Pollyanna Has Bin There, Organized That

Lyda here. On Friday, I completed my first professional organization job for my client. Woo-hoo!  The nine-year-old girl’s room is now organized, clean, and decorated. 

The mom has an assignment to purchase more storage bins for the room. I gave her the size that will work for the existing shelves, and the minimum number needed.

This was fun! I had a blast working with my young client, and she had a good time too. Over the course of the week, I was able to see her actually start to use the system we created together – so I know it will work for her.

Tip: I put temporary labels on the desk and dresser drawers listing the contents. I used Post-Its, but plain paper and tape would work too. The labels will jog her memory for the first week or two, until she memorizes where everything is. For labels for toddlers, see the tips here. I also wrote a list detailing where things are, at her mom’s request.

And now – per Anna-Liza’s semi-request – our latest installment of Organization R Us.

Today: Supplies and Shopping Tips

Although I’m talking specifically about kid’s rooms here, these tips work for adults too.

Kids of any age can learn to put toys away, but they need an easy system. Bins on shelves is a great answer. Not only are the toys accessible, the bins make the room look tidy. They are worth it for the declutter-factor.

The trick is to organize the toys logically. All the dinosaurs in one bin. All the cars and trucks in another. Make sure the bin is not overflowing. It is better to have two bins of trucks than have the trucks fall out.

BINS AND BASKETS:

Hence the post title. “Bin there” – get it? I think I’m funny.

Plastic bins are great for storage in kids’ rooms. The bins need to be sturdy and have built-in handles. Hold a bin by the handles and try to twist it (pull one handle up and one down). If it flexes, it isn’t sturdy enough for young kids (but might be okay for other storage and older kids).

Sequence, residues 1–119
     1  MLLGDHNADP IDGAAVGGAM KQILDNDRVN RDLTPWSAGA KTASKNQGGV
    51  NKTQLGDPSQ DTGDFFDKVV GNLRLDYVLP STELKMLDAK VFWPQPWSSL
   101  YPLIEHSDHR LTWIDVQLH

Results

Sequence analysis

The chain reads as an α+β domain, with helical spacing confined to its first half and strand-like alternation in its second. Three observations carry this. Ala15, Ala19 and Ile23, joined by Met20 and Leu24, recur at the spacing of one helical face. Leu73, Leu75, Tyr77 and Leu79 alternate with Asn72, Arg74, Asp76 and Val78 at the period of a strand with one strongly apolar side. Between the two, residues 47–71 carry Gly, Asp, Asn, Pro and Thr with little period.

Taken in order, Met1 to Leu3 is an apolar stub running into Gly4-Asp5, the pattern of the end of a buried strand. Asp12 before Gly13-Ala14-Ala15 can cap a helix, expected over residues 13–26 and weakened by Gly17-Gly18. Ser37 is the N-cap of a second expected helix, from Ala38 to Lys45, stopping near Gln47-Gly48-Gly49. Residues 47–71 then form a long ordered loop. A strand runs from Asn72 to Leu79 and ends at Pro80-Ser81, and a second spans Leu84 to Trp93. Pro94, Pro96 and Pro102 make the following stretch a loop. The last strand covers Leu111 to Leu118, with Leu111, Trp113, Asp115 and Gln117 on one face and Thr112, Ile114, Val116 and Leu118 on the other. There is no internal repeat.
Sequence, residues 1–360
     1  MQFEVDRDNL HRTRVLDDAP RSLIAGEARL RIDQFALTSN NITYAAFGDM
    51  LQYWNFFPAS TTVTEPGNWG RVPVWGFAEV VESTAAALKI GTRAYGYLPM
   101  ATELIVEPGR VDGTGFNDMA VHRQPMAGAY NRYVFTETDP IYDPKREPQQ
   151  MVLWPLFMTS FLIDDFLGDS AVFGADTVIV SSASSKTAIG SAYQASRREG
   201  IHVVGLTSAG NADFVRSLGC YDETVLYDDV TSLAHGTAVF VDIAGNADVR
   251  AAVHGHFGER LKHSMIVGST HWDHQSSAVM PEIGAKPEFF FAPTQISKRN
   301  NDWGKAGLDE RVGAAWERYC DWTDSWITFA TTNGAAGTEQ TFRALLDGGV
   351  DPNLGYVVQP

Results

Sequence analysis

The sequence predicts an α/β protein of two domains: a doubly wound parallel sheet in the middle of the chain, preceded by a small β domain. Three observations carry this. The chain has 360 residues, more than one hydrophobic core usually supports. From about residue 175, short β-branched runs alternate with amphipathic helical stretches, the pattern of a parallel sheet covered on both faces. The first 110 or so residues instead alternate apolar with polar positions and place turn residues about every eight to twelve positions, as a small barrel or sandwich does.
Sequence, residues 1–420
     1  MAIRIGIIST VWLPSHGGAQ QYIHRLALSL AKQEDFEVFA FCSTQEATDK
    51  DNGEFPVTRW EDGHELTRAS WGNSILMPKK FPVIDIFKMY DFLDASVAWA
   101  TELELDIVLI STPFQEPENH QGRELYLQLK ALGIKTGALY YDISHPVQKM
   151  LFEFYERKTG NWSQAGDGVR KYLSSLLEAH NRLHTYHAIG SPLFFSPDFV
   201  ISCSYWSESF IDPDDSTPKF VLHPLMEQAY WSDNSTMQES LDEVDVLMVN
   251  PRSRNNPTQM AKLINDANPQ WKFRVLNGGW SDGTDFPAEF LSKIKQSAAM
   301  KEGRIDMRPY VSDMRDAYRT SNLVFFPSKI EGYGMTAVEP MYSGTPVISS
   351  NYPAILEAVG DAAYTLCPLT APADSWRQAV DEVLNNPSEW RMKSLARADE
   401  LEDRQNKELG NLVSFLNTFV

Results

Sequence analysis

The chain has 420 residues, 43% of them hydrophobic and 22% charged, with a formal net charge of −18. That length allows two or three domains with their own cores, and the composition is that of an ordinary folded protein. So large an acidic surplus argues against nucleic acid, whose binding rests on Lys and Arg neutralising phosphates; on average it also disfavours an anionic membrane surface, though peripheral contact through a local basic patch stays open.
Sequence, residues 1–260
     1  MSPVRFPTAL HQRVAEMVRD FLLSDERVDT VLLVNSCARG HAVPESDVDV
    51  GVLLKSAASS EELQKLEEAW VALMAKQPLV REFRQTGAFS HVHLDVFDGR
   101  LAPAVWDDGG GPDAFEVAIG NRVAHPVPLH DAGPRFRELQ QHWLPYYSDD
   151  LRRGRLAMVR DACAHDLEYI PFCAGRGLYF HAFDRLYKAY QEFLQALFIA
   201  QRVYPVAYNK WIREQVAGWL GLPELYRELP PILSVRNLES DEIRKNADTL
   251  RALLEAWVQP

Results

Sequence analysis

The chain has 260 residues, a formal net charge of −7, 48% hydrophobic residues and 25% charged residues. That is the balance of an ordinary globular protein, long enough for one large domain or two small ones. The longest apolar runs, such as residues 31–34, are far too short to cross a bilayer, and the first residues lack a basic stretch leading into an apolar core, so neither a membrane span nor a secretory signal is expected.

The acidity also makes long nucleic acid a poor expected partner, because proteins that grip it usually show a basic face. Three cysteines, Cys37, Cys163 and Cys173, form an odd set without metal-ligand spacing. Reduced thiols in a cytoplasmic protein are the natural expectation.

You can use sturdy woven baskets with metal frames, which look nicer if you are storing toys in the living room. They look good forever but can scratch shelves when children pull them out (see “shelving” below, for how to protect the shelf).

Fabric bins are another option, and work well in closets. There are fabric options useful for storing stuffed animals. I think stuffed animals are spontaneously created at night in every kid’s bedroom. Possibly by fusion. Possibly by the brainwave patterns of sleeping children. Scientists are working on solving this problem, but in the meantime, all we can do is manage the fuzzy population explosion.  The fabric gets dingy, so be sure you can wash it. Fabric doesn’t work well for art supplies or heavy toys, of course. For kids, plastic is easier to clean, and cheaper.

The bins need to be the right size. Gallon size is good for most things, and a smaller size is good for smaller toys and art supplies. Bins get heavy filled with toys, so anything bigger than a gallon needs to have wheels. But save the wheeled bins for big sets (building blocks, train sets, etc.) or big toys.

I’m not a big fan of toy chests, except for storing large items like basketballs. Small things fall to the bottom, the kid has to take everything out to find them – and the toys are all over the floor again! If you do get a toy chest, be sure it is safe. The lid should stay open until the child closes it – we don’t want it to slam on fingers or heads. Make sure that there is ventilation and that the lid is lightweight and can be opened from inside. Children like to play hide and seek.

Make sure not to overload the bins. Your child needs to be able to pick them up and carry them. It’s better to divide items into two bins rather than overload them. Dropping a bin onto one’s foot hurts.

Get bins with lids if you can. Without lids, you have to dust/wash both the toys and the bins. Yes, dusting. I know. The mind reels.  With lids, you just wipe off the lid. This isn’t as important if the bins are on shelves in the closet.

Measure the shelves first so you get bins that fit.

Shoe racks and other closet organizing items can work for storing some things. Well, shoes and purses, obviously. A hanging shoe rack can also work for video game storage. Make sure to hang these items securely, and at the child’s level.